Concord is a national holiday in Niger, observed on April 24th. Also known as the National Day of Concord, this day marks the anniversary of a Peace Accord signed in 1995.
The advent of the 1990s saw big political changes in Niger. The decade brought multi-party democracy for the first time, but also saw rebellions by the Tuareg and Toubou people, leading to conflict in the northern part of the country. The rebels formed two umbrella organizations called the Organisation of Armed Resistance (Organisation de Résistance Armée, ORA), and the Coordinated Armed resistance (Coordination de Résistance Armée, CRA).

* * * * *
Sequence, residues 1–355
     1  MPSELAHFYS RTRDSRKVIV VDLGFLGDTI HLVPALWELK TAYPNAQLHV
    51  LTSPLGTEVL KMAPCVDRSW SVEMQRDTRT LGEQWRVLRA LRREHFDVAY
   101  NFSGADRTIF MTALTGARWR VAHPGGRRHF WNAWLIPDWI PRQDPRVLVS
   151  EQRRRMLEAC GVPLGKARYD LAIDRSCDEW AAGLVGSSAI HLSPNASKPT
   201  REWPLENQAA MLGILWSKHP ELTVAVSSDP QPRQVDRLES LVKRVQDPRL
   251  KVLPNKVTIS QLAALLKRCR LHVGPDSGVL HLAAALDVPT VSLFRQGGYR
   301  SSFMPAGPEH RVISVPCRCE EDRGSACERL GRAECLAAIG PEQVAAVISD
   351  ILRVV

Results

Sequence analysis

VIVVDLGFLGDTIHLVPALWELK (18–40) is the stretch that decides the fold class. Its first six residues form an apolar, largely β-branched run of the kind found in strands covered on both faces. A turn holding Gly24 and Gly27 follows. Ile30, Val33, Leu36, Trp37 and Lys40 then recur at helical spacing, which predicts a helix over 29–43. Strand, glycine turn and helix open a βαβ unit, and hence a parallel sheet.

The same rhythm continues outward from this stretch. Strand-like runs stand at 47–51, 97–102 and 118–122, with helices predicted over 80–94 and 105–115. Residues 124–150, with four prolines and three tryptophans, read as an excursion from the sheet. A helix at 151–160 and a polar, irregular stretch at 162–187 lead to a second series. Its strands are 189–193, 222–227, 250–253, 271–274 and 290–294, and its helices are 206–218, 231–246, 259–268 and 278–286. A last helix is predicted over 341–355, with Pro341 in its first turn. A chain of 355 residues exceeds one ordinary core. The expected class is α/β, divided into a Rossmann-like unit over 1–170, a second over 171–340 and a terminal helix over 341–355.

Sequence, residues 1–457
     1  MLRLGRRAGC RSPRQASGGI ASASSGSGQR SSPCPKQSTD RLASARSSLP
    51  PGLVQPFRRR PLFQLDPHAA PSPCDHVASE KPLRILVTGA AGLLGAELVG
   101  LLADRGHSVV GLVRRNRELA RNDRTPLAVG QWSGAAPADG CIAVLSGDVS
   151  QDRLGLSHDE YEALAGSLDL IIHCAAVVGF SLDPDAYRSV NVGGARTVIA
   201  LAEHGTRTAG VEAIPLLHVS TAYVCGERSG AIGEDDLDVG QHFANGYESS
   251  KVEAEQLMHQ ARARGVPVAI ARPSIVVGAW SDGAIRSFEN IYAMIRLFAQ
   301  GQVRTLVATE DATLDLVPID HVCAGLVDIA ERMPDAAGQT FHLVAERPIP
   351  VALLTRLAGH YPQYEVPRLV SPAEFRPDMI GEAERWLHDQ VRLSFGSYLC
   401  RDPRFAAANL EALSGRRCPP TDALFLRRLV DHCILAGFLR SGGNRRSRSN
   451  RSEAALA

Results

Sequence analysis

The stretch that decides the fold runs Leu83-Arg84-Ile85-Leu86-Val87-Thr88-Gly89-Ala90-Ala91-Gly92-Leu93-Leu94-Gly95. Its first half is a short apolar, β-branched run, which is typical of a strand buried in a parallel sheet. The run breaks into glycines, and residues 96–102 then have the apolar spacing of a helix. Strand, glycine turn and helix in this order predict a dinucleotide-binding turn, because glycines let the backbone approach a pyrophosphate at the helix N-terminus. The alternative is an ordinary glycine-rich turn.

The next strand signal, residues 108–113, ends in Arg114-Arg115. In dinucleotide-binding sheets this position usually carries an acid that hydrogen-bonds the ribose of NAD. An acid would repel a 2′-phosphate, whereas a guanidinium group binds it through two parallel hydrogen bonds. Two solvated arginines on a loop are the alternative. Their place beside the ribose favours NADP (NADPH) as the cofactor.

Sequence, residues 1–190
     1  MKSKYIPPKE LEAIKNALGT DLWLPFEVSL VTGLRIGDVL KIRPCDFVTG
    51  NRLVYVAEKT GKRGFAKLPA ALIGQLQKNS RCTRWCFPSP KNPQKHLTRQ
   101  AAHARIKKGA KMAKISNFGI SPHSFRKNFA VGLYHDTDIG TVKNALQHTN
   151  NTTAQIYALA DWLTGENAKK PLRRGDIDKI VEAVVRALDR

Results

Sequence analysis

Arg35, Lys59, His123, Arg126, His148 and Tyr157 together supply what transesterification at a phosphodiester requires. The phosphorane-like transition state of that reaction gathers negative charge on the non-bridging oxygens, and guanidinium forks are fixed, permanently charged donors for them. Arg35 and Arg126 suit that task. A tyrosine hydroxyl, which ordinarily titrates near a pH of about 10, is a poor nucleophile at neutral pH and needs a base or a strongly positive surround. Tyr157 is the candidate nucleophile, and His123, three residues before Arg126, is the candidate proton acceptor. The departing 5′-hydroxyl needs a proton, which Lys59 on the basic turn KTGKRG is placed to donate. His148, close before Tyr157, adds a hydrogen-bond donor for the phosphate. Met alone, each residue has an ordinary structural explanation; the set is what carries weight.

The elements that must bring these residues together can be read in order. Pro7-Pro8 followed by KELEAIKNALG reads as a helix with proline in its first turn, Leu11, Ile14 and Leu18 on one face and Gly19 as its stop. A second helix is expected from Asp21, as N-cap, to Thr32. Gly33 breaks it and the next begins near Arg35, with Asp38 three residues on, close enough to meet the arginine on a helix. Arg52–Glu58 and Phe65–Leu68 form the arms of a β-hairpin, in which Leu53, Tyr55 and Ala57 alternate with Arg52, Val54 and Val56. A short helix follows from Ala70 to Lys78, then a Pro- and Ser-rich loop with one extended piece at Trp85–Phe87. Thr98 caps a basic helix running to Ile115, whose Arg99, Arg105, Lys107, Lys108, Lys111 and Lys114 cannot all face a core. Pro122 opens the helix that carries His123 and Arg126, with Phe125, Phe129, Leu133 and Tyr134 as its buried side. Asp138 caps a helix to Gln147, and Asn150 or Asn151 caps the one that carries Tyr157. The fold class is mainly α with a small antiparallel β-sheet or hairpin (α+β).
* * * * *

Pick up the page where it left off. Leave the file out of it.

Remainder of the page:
A truce was agreed upon in 1994, which led to talks between the government and rebels. This eventually led to the signing of the April 24th, 1995 Peace Accord, negotiated in Ouagadougou, the capital of Burkina Faso.
While it wasn’t until 1998 that the last armed group signed up to the accord and sporadic fighting continued until 1999, the accord was seen as marking the end of the fighting and the end of the rebellion.
The final peace agreement was celebrated with a “Flame of Peace” in which weapons were burned in Agadez on September 25th, 2000. It has been a public holiday since 1995. Businesses and government offices will be closed.